• Section 2.1.1 has at least one parallel structure error. What does this mean? "In order to improve awareness, a link to the UCoC will be accessible on or at prominently communicated at in-person, remote, and hybrid events".
  • Section 2.2 uses the abbreviation "T&S", which is not explained on the page. Should "legal" be capitalized like the other terms in this section? Also in that section, the word "it" before "deems" has an unclear antecedent. Farther down, "Modules C" is an error of some sort. The phrase "members and applicants, and community-elected functionaries" is incorrect, perhaps missing the word "to" before "community". It is unclear to which part of the sentence the clause "who have signed" applies.
  • Section 3.1: grammar fixes are needed for these sentences: "Resources for translation must be provided by the Wikimedia Foundation when reports are provided in languages that designated individuals are not proficient" "Cases shall be resolved within a consistent time frame, with timely updates provided to participants if it is prolonged" "This section details a non-complete list of the different types of violations, along with the potential enforcement mechanism pertaining to it."
I skimmed the rest. At some point, someone who cares about the integrity of this document should get a skilled copy editor to review it carefully. Jonesey95 (talk) 06:44, 13 January 2023 (UTC)

Clarifying "direct involvement" in section 4.2

Current text:

Individual members of the U4C do not have to resign from other positions (eg. local sysop, member of ArbCom, event safety coordinator). However they may not participate in processing cases they have been directly involved in as a result of their other positions.

Apologies for the late question. Does declining to warn or sanction an offender count as direct involvement in a case? Does it depend on how they decline? Tagging MJL and CLo since they're on the Revisions Committee. Adrianmn1110 (talk) 05:40, 2 November 2022 (UTC)

Hi @Adrianmn1110 don't know if you got an answer privately from the revisions comm people (I would have hoped so), but as a non-member, this type of clarity is likely something to be resolved by a mix of the Building Committee and the 1st U4C to face the question.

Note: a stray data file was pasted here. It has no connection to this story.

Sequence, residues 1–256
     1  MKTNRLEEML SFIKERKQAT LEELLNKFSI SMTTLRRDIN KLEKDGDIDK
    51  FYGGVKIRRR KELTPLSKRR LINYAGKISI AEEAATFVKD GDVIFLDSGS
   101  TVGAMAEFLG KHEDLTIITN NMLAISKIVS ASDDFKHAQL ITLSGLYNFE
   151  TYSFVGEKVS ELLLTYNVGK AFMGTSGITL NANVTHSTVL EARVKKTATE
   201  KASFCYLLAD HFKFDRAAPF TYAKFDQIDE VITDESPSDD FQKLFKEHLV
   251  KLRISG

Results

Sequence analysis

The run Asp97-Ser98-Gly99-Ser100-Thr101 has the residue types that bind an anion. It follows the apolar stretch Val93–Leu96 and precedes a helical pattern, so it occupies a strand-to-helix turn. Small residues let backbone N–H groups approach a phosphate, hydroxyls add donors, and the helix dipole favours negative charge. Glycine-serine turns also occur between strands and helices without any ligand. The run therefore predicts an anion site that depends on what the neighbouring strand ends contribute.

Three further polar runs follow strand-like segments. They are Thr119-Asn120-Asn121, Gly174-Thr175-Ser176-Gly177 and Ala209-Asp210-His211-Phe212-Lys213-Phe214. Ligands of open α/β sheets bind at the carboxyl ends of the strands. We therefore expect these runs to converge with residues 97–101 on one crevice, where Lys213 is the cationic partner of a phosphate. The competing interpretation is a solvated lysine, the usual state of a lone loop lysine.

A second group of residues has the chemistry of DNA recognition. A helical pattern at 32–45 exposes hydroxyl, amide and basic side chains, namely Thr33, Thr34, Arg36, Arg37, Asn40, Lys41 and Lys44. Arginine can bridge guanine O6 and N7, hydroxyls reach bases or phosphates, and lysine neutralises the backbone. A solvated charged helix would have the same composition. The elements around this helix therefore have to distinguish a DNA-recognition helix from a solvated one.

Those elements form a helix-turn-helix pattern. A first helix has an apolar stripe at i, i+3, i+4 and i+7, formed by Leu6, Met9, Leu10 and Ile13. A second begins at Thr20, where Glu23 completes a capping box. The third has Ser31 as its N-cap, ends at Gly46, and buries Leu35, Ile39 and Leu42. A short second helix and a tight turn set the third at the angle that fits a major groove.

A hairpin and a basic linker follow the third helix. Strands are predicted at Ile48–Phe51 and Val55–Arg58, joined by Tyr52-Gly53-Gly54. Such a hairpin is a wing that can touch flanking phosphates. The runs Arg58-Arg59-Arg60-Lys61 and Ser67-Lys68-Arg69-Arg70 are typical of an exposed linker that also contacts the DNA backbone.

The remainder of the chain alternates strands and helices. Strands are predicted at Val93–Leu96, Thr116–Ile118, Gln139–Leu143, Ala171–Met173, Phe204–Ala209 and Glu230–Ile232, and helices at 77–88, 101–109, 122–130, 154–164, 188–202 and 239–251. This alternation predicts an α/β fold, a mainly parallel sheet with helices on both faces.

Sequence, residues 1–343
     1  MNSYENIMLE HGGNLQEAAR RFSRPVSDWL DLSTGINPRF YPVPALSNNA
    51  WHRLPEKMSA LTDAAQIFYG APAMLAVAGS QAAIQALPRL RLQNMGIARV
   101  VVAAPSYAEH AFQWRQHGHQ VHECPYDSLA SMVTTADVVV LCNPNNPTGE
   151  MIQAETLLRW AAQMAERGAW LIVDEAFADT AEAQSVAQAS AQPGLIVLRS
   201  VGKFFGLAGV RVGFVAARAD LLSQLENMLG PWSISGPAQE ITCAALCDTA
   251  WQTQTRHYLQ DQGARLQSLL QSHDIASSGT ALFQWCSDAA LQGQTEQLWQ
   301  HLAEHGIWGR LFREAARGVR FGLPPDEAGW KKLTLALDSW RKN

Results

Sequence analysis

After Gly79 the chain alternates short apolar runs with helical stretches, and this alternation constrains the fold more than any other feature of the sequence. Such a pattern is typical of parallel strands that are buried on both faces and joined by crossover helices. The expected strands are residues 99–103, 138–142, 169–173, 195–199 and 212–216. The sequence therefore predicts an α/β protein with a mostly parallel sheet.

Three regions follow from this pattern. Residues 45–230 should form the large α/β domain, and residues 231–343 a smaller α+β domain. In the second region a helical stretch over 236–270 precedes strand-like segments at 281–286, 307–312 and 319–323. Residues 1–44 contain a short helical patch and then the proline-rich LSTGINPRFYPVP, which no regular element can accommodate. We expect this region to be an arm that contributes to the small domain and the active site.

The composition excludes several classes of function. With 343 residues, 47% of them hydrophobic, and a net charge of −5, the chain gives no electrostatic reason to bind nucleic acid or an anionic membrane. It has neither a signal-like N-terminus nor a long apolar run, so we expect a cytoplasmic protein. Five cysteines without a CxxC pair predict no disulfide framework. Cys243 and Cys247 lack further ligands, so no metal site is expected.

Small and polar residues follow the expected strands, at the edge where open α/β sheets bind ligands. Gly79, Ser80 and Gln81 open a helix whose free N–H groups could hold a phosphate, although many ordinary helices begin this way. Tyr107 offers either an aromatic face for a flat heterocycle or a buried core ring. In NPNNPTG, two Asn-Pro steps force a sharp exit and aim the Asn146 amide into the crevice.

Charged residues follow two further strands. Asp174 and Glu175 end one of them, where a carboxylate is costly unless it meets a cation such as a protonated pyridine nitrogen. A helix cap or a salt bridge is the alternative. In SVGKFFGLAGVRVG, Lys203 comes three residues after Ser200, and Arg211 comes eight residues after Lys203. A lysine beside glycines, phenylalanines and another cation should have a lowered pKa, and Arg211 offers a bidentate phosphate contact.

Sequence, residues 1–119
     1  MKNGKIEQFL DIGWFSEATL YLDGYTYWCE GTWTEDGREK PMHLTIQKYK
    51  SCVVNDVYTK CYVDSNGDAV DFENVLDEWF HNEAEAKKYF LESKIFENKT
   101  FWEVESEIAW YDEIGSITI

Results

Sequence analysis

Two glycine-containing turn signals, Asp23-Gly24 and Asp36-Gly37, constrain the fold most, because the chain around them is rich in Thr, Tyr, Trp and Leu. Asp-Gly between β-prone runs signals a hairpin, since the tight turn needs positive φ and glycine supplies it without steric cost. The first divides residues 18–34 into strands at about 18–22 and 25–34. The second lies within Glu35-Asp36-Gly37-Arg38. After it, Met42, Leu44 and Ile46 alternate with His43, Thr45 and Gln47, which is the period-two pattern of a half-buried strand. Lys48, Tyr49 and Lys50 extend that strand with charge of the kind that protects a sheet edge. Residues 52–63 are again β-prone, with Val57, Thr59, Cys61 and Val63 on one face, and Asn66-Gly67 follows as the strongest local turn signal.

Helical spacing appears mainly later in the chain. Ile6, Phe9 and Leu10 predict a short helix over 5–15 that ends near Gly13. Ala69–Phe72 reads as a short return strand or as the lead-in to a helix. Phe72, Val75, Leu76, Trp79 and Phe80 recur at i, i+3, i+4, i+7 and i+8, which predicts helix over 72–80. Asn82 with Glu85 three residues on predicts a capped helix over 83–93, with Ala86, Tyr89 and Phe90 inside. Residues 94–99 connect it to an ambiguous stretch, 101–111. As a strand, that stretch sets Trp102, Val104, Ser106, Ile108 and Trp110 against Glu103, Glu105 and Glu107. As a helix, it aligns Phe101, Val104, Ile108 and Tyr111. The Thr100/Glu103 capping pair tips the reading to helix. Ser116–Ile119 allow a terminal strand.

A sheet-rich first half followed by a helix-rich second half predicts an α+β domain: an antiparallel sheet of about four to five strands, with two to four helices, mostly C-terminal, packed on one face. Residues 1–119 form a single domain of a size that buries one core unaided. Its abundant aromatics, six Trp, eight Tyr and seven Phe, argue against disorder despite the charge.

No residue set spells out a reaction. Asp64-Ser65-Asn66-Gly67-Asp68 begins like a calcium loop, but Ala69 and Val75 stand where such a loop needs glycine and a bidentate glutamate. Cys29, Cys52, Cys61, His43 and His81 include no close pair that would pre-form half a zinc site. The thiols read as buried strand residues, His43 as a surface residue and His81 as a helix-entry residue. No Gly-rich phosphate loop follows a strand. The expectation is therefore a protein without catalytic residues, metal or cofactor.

For example, an arb that hears a full case and ultimately decided on a "not sanctionable behaviour" outcome has by any reasonable standard become involved. An admin that is asked to take a look and declining to engage is presumably not. Everything in between...is in between. Nosebagbear (talk) 10:45, 16 January 2023 (UTC)

U4C Building Committee

I think it is important that there is a election of the members of the U4C Building Committe. Please change the section 4.5 of the draft. If there is a voting after my experience it is possible to find good candidates and there is enough diversity in the selected candidates. A alternative sentence could be: "Members will be selected by a community vote." I like a Ranked voting as the preferred method for elections. It is important to discuss the guidelines of the committe here on Metawiki. So the committe is from my point of view a way to think about it in a structured way and not the decision making body. Decisions should be made where ever possible by a wider range of people.--Hogü-456 (talk) 22:12, 6 January 2023 (UTC)

What do you think about that. I wonder that I have not received an answer yet. I expected that it is an important point for more people. What is the reason that you worte in section 4.5 that " Members will be selected by the Vice President of Community Resilience and Sustainability of the Wikimedia Foundation".--Hogü-456 (talk) 20:04, 23 January 2023 (UTC)


> If any difference arises in the meaning between the English version and a translation, decisions will be based on the English version.